# Projectiles problem solving

I've only learned about to use kinematics equation when solving projectile problems but today i came across the following equations. where does they come from?

• Distance travelled
• Time of flight
• Angle of reach
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At the introductory level they come from (1) an assumption of no air resistance (2) an assumption of constant gravitation (3) the independence of the orthogonal components (i.e. the x motion does not effect the y motion and vice versa) and (4) the basic kinematics of constant acceleration motion. But as stated this question would take two hours in the lecture hall, please be more specific. – dmckee Feb 27 '11 at 16:20
They come from Newton's laws of motion. Thats all you need, together for some assumptions about the air, gravity and the earth being locally flat. – ja72 Jun 1 '11 at 23:13

As dmckee, pointed out in his comment, these equations come from (or derived from) some basic assumptions. To understand how we obtain these equations from the basic assumptions, you will need to read derivations of these equations.

Watch this video for basic understanding. Then watch Khan Academy lectures on projectile motion. (only 3 lectures).

May the force be with you!

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All the basic kinematic equation you've learned come from one basic equation,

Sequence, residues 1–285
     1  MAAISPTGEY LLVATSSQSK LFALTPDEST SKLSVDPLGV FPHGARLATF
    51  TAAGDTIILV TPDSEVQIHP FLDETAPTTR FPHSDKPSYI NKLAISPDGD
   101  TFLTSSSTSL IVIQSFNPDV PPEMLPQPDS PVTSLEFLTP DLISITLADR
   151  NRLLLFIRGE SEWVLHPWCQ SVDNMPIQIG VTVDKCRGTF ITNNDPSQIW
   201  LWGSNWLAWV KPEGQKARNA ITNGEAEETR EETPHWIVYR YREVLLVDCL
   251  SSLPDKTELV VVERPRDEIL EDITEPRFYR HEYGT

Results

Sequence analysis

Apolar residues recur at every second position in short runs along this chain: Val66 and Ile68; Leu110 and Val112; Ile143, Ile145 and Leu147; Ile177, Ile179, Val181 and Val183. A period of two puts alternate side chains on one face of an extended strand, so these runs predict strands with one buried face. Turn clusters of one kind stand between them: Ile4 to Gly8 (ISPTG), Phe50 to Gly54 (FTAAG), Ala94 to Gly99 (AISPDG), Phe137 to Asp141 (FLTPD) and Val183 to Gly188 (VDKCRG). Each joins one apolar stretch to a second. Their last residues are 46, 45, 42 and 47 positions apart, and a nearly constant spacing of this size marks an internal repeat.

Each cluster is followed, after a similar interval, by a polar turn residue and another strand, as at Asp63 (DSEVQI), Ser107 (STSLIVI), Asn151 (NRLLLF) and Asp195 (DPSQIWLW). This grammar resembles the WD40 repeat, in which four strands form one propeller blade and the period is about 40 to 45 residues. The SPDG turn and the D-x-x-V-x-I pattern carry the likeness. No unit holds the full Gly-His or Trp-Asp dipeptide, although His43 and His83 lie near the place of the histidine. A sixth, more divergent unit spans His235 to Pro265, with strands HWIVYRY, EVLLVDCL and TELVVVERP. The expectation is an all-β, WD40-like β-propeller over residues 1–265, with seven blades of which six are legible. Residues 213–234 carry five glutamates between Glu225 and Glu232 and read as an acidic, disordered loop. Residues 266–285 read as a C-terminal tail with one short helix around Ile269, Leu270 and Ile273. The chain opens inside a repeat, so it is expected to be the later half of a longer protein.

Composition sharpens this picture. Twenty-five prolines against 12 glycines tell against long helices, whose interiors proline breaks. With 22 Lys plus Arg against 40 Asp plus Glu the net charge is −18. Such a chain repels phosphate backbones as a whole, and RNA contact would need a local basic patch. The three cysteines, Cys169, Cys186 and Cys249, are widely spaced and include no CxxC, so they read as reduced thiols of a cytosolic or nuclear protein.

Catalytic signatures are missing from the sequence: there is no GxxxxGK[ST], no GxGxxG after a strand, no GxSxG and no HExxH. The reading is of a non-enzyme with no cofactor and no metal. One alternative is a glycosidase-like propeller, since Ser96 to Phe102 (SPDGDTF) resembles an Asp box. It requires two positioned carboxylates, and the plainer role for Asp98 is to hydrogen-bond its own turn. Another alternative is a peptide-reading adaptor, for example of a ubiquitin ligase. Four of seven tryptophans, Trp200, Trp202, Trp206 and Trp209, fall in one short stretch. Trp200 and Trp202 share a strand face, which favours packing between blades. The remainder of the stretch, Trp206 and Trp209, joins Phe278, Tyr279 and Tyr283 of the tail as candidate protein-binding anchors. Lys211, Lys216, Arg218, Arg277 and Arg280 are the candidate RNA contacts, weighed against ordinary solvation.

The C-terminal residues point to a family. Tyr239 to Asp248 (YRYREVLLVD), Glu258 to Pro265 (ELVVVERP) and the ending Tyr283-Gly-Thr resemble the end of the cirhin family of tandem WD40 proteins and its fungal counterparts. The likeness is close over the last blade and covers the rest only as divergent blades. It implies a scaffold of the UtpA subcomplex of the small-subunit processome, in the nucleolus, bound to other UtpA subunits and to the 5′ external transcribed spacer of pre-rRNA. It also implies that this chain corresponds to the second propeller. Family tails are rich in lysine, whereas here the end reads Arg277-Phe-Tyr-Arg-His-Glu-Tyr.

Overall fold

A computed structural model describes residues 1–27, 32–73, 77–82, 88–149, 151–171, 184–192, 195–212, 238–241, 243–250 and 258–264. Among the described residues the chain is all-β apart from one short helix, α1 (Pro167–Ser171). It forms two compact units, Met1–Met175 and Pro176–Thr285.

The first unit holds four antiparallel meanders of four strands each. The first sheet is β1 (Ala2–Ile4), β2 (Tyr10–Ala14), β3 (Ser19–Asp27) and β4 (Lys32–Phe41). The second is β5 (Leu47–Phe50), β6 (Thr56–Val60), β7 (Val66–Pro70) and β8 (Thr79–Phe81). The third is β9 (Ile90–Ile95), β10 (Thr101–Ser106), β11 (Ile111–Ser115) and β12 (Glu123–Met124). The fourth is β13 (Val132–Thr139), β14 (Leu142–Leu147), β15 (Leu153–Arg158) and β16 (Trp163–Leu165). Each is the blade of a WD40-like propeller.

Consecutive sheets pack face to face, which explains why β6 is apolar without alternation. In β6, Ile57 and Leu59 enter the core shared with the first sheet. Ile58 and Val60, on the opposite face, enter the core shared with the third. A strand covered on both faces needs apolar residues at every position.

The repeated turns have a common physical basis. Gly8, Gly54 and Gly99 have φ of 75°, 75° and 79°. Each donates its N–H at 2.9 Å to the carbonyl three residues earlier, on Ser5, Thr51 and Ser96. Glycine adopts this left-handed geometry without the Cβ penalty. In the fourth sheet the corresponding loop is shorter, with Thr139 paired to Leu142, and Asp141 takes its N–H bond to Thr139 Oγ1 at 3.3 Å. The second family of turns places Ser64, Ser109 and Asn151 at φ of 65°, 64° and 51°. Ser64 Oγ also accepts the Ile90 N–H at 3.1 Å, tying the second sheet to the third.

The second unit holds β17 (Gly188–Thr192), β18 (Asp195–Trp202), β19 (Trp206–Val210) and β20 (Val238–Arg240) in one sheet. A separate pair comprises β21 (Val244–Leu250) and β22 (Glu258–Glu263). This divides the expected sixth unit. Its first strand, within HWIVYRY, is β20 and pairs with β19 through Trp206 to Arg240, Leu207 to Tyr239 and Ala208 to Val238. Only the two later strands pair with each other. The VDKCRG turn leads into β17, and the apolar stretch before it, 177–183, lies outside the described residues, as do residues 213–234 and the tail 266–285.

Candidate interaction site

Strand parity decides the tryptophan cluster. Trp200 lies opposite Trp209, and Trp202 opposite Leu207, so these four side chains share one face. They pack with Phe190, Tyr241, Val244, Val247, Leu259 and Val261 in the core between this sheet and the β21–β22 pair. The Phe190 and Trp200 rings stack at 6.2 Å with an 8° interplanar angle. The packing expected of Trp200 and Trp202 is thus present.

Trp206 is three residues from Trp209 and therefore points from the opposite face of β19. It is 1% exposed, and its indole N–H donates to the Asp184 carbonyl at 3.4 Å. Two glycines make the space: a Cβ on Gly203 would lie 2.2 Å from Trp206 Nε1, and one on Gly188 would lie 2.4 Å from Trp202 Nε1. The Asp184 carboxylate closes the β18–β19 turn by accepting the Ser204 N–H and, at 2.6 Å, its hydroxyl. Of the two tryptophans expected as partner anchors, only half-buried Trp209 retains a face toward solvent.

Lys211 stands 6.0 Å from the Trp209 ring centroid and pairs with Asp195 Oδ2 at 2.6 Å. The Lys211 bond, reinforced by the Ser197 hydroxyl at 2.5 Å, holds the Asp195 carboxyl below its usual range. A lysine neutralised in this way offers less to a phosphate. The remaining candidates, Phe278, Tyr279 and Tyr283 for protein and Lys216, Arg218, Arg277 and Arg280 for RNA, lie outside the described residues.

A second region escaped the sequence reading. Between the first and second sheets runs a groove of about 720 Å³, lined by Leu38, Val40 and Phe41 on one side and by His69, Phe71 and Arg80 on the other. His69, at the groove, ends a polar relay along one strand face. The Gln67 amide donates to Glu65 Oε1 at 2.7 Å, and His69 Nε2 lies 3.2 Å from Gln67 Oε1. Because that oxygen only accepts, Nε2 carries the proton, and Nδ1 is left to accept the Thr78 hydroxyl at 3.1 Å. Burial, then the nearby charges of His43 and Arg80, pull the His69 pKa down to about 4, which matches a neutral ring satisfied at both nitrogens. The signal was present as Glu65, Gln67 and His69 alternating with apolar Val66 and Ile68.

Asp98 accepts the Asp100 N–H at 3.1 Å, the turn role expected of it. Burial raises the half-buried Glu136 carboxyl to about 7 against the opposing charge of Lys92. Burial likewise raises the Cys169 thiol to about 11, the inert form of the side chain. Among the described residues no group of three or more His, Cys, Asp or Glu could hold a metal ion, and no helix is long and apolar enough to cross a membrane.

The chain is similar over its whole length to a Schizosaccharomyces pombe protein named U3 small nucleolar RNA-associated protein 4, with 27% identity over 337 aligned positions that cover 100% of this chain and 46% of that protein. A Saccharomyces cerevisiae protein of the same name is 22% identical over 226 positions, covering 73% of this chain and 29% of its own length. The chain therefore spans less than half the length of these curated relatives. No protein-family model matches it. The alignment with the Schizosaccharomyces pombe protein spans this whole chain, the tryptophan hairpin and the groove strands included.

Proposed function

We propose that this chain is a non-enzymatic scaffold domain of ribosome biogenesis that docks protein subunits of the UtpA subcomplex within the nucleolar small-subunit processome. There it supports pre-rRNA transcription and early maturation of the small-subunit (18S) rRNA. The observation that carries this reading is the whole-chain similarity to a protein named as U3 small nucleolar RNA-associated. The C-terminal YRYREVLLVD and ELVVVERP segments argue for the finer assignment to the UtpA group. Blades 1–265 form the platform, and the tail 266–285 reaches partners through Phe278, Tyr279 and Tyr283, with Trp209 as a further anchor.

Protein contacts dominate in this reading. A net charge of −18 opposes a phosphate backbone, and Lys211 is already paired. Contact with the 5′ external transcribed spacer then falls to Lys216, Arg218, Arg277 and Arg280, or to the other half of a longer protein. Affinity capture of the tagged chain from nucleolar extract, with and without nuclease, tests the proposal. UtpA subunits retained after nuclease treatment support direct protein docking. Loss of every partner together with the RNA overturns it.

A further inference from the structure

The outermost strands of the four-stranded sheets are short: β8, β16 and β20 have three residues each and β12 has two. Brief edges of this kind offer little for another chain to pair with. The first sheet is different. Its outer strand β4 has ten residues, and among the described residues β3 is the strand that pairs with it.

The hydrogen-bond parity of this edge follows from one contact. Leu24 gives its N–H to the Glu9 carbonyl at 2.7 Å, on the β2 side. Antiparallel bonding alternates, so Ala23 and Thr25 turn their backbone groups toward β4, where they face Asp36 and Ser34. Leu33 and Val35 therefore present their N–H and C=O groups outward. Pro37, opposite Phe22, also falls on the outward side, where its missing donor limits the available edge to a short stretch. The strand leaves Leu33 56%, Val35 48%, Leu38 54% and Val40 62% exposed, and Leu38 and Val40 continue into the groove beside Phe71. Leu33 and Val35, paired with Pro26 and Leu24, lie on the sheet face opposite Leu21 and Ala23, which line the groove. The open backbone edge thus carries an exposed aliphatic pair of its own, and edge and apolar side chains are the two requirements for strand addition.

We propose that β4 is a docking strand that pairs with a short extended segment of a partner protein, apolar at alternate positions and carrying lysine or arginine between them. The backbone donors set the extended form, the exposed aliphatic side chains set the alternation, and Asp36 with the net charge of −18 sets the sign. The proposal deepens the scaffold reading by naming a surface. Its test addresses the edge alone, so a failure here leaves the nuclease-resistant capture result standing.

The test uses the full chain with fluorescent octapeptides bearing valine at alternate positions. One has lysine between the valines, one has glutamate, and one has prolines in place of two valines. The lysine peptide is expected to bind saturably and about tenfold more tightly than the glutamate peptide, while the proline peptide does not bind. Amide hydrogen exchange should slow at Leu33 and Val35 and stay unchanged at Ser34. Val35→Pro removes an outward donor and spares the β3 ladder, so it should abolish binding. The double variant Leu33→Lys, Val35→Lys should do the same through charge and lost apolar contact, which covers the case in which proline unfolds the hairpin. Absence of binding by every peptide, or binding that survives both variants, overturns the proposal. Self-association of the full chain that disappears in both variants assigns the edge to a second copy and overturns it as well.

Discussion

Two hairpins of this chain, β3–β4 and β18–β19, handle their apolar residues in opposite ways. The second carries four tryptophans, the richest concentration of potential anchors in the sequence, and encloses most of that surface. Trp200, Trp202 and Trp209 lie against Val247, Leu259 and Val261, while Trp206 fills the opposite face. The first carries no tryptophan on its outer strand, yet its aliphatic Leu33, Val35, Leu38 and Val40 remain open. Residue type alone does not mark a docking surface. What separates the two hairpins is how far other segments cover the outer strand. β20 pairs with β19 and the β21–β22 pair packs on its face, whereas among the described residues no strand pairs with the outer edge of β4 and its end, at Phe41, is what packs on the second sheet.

$$\frac{\textrm{d}^2\vec{x}}{\textrm{d}t^2} = \vec{g}$$

This is a vector-valued second order linear differential equation. $\vec{x}$ is the position of the projectile. $m$ is its mass. $\vec{g}$ is the acceleration due to gravity.

The equation can be read in simplified form as

$$\frac{\vec{F}}{m} = \vec{a}$$

This is called Newton's Second Law. $\vec{F}$ is the force on an object, which for a projectile near Earth's surface is $m\vec{g}$, ignoring all effects besides simple gravity (air resistance is the big one). $\vec{a}$ is the acceleration, which by definition is $\frac{\textrm{d}^2\vec{x}}{\textrm{d}t^2}$.

The kinematic equations that tell you, for example, the distance traveled by a projectile or its speed as a function of height can all be derived from this differential equation using calculus and algebra.

The differential equation itself is a postulate of Newtonian mechanics. In this sense it doesn't come from anywhere; it is simply assumed, along with the assumption that the force of gravity is constant.

However, with more advanced physics it is possible to explain Newtonian mechanics in terms of other theories. This simplest example is that the assumption that the force from gravity is $m\vec{g}$ can be understood in terms of Newton's theory of gravity. What we see is that the simple gravity law is only an approximation, but a good one.

Similarly, as we bring in more and more considerations, we tend to find that almost everything we've done in the beginning is only an approximation. The kinematic equations aren't fundamental laws of nature. They're mathematical consequences of a simple differential equation that is roughly true for everyday things.

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